Using STorM32 with BetaPilot

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The information on this page refers to firmware v2.59e and BetaPilot (BetaCopter/BetaPlane) 4.2 v0.54, and higher.

The STorM32 gimbal controller can communicate with ArduPilot flight controllers via a serial UART data link using the MAVLink protocol. The serial communication allows for a much richer data transmission and accordingly richer set of features than possible with the traditional connections such as PWM, PPM, SBUS, and alike. Examples are advanced control functions, the STorM32-Link or the NT Camera features. It also can lead to a much cleaner wiring and a more robust and reliable system.

The ArduPilot firmware is however quite limited as regards its gimbal and camera support (and also flawed), and thus BetaPilot was started many years ago.

BetaPilot, which includes BetaCopter and BetaPlane, is a fork of ArduPilot, with modifications which are specifically directed at the STorM32 gimbal controller. If you want to make best use of your STorM32 gimbal and want 2020-ish capabilities, then you definitely want to chose BetaPilot (BetaCopter/BetaPlane). :)

This article is about BetaPilot. For info on using the original ArduPilot firmware with STorM32, please visit the article Using STorM32 with ArduPilot. A feature matrix comparing the two is found here: Feature Matrix.


BetaPilot implements the latest MAVLink standard and in particular the STorM32 MAVLink2 mount type (MNT_TYPE = 83), which make the features below possible.

In order to establish a working communication between the STorM32 controller and the flight controller, a serial connection needs to be established, and parameters in both the flight controller and the STorM32 controller need to be adjusted, as described in the subsequent chapters.

BetaPilot is currently available for copters and planes. The code additions are however such that it should be trivial to extend to other vehicles supported by ArduPilot. BetaPilot currently comes in these branches:

  • BetaCopter4.2: This is based on ArduCopter 4.2.3 stable, and is hence the go-to version for copter users.
  • BetaPlane4.2: This is based on ArduPlane 4.2.3 stable, and is hence the go-to version for plane users.
  • BetaPilot branch: This is based on ArduPilot master, which is ArduPilot's development branch (= not stable). The support of the BetaPilot branch is not steady but on and off. Typically, the BetaPilot branch is progressing when required features are in master but not yet in the stable or beta/rc branches, but otherwise it tends to lack behind, possibly even quite a bit.

Comment: The label 'BetaPilot' is generally used as shorthand for denoting the project or referring to BetaCopter or BetaPlane; it does not mean the BetaPilot branch.

Firmware Binaries

For BetaCopter and BetaPlane, ready-to-use firmware binaries are provided for some few boards in the 'compiled_binaries' folders:

  • BetaCopter4.2 binaries: link
  • BetaPlane4.2 binaries: link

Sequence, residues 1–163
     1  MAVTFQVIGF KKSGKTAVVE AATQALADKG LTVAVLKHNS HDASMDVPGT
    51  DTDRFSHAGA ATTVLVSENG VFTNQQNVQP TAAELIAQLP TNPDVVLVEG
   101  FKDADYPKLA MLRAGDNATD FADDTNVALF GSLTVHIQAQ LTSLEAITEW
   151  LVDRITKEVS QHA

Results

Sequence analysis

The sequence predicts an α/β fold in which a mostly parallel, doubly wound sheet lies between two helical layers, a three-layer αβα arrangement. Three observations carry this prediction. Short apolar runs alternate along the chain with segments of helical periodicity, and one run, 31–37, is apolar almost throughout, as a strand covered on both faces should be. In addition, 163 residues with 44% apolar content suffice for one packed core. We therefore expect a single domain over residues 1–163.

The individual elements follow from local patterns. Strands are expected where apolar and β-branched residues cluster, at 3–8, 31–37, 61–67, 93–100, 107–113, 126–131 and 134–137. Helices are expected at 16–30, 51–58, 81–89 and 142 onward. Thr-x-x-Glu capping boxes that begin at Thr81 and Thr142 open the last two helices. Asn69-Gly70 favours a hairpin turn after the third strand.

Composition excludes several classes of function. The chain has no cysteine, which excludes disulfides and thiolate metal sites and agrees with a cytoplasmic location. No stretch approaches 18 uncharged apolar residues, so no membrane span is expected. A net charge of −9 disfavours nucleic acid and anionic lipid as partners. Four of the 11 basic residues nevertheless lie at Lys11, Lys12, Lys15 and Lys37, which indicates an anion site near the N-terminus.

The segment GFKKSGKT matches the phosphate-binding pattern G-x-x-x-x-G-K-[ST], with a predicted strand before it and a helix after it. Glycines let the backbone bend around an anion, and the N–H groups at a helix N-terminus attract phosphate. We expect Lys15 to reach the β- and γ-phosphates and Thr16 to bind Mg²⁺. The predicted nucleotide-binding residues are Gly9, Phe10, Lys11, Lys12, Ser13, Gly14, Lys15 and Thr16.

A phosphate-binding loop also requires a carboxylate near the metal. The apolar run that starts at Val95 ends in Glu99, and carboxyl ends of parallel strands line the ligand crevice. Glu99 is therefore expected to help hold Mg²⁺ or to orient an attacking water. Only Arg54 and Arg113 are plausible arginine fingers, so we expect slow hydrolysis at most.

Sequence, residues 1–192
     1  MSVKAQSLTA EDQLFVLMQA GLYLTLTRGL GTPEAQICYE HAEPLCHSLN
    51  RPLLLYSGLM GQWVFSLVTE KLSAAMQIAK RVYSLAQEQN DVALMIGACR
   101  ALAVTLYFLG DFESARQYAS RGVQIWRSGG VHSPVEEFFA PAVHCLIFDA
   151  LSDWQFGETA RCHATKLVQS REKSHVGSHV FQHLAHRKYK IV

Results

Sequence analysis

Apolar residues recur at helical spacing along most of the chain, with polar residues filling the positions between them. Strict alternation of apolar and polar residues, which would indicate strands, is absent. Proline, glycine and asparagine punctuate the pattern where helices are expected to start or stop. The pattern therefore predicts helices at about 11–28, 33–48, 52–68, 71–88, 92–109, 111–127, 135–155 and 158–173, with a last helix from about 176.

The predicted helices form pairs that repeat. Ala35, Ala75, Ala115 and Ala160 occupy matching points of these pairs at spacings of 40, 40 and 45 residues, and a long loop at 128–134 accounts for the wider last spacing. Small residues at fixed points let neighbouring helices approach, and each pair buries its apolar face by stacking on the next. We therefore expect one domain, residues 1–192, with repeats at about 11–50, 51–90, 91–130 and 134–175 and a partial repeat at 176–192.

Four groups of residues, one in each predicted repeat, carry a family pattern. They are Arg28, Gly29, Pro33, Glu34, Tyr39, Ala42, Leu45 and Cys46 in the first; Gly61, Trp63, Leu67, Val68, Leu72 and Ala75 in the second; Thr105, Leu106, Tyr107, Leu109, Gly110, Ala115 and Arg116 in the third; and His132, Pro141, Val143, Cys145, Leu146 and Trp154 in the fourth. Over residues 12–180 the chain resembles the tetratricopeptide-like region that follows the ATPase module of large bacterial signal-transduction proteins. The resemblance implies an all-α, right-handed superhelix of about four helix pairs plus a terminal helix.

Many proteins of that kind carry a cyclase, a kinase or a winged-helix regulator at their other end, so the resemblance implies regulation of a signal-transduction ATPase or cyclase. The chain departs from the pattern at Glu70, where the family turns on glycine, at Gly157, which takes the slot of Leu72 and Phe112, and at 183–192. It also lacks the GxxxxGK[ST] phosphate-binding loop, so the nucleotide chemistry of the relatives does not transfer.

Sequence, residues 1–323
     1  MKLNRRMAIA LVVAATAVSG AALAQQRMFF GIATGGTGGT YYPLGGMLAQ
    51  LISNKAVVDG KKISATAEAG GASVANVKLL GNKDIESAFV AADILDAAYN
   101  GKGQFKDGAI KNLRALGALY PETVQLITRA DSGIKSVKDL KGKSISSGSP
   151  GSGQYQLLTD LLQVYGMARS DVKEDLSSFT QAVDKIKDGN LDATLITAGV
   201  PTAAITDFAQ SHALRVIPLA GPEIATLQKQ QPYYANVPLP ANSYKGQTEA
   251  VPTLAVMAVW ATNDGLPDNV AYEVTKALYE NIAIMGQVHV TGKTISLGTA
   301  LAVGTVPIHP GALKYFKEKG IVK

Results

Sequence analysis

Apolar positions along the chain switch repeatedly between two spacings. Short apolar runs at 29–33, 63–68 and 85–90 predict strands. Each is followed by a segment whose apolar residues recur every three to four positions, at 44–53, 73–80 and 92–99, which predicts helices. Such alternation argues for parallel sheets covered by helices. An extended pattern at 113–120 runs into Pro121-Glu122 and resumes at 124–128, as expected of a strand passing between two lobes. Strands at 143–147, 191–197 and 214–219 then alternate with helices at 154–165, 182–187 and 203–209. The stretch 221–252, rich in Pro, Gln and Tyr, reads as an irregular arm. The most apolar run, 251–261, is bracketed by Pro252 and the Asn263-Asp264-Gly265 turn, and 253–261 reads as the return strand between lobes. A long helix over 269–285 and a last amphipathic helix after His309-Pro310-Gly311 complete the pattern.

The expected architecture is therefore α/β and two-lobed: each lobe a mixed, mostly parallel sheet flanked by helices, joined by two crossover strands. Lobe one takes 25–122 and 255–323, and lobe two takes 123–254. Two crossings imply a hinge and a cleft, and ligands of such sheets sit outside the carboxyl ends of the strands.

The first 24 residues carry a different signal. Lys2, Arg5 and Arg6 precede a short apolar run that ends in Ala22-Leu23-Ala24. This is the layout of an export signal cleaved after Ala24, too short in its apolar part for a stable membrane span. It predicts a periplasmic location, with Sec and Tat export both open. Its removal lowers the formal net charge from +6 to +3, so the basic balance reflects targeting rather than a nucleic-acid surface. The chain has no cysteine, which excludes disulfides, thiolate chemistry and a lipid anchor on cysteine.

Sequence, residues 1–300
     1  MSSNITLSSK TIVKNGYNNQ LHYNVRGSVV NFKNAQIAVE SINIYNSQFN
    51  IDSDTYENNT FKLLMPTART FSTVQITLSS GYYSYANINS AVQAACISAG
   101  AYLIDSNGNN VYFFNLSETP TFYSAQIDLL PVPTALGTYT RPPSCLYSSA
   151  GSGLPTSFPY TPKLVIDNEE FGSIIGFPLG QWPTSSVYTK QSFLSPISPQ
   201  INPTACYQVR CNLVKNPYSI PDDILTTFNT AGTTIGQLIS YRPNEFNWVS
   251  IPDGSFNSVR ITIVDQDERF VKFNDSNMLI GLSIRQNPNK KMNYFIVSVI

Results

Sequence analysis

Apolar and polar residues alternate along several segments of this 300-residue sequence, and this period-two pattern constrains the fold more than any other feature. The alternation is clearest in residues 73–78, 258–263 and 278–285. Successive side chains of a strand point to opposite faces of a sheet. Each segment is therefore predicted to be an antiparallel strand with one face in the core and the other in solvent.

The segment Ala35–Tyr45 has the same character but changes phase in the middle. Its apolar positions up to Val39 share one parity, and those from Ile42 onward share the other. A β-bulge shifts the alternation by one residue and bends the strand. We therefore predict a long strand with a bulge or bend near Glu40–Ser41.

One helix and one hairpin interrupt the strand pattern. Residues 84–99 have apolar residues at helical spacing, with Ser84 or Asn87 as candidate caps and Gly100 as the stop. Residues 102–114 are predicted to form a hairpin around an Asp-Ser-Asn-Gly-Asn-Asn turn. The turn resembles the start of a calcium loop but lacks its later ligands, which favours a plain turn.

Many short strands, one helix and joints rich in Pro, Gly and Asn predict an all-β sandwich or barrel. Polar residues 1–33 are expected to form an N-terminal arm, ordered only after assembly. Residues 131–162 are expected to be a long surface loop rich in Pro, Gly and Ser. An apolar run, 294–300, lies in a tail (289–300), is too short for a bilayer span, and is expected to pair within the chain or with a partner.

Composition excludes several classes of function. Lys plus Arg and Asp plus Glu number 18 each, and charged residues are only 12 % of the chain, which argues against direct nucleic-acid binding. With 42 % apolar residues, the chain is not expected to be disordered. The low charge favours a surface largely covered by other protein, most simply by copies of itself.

For other boards, the respective source code needs to be compiled by the user. For instructions on how to compile BetaCopter or BetaPlane, please consult the github repository,

For installing/flashing the binary follow the common instructions for installing custom firmware. In MissionPlanner, e.g., go to 'Setup -> Install Firmware -> Load custom firmware'.


Before using BetaCopter/BetaPlane, it is strongly recommended to first install the original ArduPilot firmware and get the vehicle operating flawlessly with it. Only then install BetaCopter/BetaPlane.

The additions by BetaCopter/BetaPlane to the main code are minimally infectious, meaning that they do not have impact on normal behavior. It is usually no problem at all to swap the firmware between ArduCopter/ArduPlane and BetaCopter/BetaPlane, which can help sort out issues in case of doubt of the origin of an issue. The main impact of BetaCopter/BetaPlane is a slightly increased flash and RAM footprint, which can have effects on boards which are short of flash and/or RAM. That's a general problem with this kind of boards.

STorM32 MAVLink2 Mount Type

The STorM32 controller needs to be connected via one of its serial ports to one of the serial ports on the flight controller, and these settings in both STorM32 and BetaPilot need to be made:

Settings in STorM32:

  • Mavlink Gimbal = “Gimbal1” or higher
  • Mavlink Gimbal Stream = “attitude” or higher (“mountstatus” or higher is recommended, the typical choice is “mountstatus”)
  • Mavlink Uart Port = “uart” if the serial port UART is used (this is the default)
  • Mavlink System ID = “0” for auto-detection (which is the default) or system ID of autopilot

Other MAVLink-related settings can normally be left at their default. A complete description of the parameters is provided in MAVLink Communication: Parameters (please read it, just in case).

The STorM32 controller needs to be rebooted when you change Mavlink Uart Port. Changes to the other settings become effective immediately. However, depending on the situation, you may have to reboot the complete system (gimbal and flight controller and GCS) to also reset internal states and auto-detection mechanisms in these components in order for all to work properly (so, if you change a parameter and something looks odd, restart/reset the whole system).

Comment: While the STorM32 gimbal will work perfectly with “off” for Mavlink Gimbal Stream, BetaPilot won't, i.e., you must choose “attitude” or higher.

Comment: Selecting “attitude” in Mavlink Gimbal Stream can confuse some ground control stations, e.g. QGC, since they fail to distinguish between the flight controller's and the STorM32's attitude message. In this case choose “mountstatus” or higher.